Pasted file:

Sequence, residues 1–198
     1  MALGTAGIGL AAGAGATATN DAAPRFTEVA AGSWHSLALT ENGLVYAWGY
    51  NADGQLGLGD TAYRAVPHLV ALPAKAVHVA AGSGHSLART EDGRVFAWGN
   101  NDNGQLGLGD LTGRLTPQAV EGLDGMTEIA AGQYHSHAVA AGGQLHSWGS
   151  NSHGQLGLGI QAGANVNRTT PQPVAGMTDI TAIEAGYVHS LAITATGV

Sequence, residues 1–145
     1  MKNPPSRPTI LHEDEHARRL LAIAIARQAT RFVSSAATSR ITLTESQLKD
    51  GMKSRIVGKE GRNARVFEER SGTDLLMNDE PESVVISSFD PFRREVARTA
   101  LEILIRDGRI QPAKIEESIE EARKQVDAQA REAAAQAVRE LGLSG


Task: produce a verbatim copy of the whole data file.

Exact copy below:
Sequence, residues 1–198
     1  MALGTAGIGL AAGAGATATN DAAPRFTEVA AGSWHSLALT ENGLVYAWGY
    51  NADGQLGLGD TAYRAVPHLV ALPAKAVHVA AGSGHSLART EDGRVFAWGN
   101  NDNGQLGLGD LTGRLTPQAV EGLDGMTEIA AGQYHSHAVA AGGQLHSWGS
   151  NSHGQLGLGI QAGANVNRTT PQPVAGMTDI TAIEAGYVHS LAITATGV

Sequence, residues 1–145
     1  MKNPPSRPTI LHEDEHARRL LAIAIARQAT RFVSSAATSR ITLTESQLKD
    51  GMKSRIVGKE GRNARVFEER SGTDLLMNDE PESVVISSFD PFRREVARTA
   101  LEILIRDGRI QPAKIEESIE EARKQVDAQA REAAAQAVRE LGLSG